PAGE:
The stator in a PMDC electric motor—the barrel surrounding the armature—contains two positive and two negative charges. The two positive charges and two negative charges face each other from opposite directions. The main function of a PMDC motor is to create a mechanical force. This mechanical force works when a current-carrying conductor enters an electromagnetic field.

2. AC Electric Motors

An AC motor uses alternating current instead of direct current to create mechanical energy. The phase level of an AC motor determines whether it’s used in residential or industrial settings. Homes use lower-phase residential AC motors because household appliances require less voltage. Commercial facilities and similar settings use higher-phase industrial AC motors because heavy-duty machines require more voltage. An AC motor includes the following components:

  • Stator
  • Rotor
  • Solid axle
  • Coils
  • Squirrel cage

The stator in an AC electric motor works by causing the electromagnetic field to revolve. This piece contains the metal axle, coils, and squirrel cage. The stator has multiple coil stages, and the outer coils receive electricity directly. The rotor in an AC motor receives power from the stator rather than from an external power source. When the rotor comes in contact with the electromagnetic field, the rotor begins revolving. Unlike the constant revolving motion in PMDC motors, the rotor in an AC motor plays “catch-up” with the current’s speed. This “catch-up” process creates the consistent revolving motion of the rotor.

Unlike PMDC motors, AC motors can be controlled externally. They require either manual or contactor starters to start and stop the motor. The different types of contactor starters include star-delta starters, autotransformer starters, rotor impedance starters, and soft starters.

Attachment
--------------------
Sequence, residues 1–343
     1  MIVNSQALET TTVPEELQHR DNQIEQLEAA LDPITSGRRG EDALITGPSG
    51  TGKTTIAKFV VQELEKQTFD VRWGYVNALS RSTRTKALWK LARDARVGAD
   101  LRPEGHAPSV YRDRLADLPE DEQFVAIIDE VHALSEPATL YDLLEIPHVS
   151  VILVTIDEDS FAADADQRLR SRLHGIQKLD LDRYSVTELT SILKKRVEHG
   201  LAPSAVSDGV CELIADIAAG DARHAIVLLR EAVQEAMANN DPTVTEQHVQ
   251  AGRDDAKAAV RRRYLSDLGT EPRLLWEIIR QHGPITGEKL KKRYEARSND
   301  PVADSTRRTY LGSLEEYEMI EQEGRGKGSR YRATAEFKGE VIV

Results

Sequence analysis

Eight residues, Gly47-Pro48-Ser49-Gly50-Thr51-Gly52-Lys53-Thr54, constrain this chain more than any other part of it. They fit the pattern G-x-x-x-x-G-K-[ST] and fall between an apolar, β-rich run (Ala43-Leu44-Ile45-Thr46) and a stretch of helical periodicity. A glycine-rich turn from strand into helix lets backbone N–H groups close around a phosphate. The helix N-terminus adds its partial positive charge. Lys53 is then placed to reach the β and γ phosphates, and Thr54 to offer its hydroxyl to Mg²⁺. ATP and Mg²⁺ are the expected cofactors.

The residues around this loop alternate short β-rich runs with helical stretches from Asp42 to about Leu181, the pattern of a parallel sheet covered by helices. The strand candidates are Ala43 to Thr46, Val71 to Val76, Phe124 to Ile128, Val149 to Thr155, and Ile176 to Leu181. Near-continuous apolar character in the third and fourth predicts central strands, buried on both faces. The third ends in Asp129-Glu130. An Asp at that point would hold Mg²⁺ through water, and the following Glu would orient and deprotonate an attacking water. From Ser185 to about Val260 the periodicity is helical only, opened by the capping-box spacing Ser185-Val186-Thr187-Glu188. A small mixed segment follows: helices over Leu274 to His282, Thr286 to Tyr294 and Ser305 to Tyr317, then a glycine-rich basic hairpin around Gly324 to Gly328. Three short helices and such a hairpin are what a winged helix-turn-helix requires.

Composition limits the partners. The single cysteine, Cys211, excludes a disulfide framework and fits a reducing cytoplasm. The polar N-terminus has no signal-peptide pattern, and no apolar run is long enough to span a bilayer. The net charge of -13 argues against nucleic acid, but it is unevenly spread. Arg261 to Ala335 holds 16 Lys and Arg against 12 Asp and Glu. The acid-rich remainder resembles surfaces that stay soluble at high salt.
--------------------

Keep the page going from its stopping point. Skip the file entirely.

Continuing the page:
Advantages & Disadvantages of Electric Motors

When deciding which type of motor is right for you, consider the primary advantages and disadvantages of electric motors:


  • Cheaper than other motor types
  • Longer lifespan
  • Require minimal maintenance
  • Efficient
  • Automatic start/stop functions
  • Don’t require fuel or batteries


  • Difficult to move
  • Requires an exact current and voltage supply

3 Key Electric Motor Parts

While some specific parts vary between the different types of electric motors, every electric motor contains the following key parts:

1. Rotor

The rotor is the magnet component of the electromagnetic field. This portion of the electric motor works by attracting and repelling positive and negative charges within the field, causing the rotor to turn in 180-degree increments.

2. Commutator

The commutator has two ends that hook onto the axle and allow the electromagnet coils to latch on. The commutator works with the brushes to flip the electromagnetic field.

3. Brushes

The brushes are two springs that hook onto the two commutator connections. Along with the commutator, the brushes make the flipping of the electromagnetic field possible.

How Does an Electric Motor Work? Types, Parts, & Benefits

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Visit our website to discover why our products remain the top choice in the industry. You can also call us at (866) 418-9060 to learn more about our products, warranties, and policies. Or call our automated direct support line at (602) 640-0930. Experience the Phoenix Phase difference today.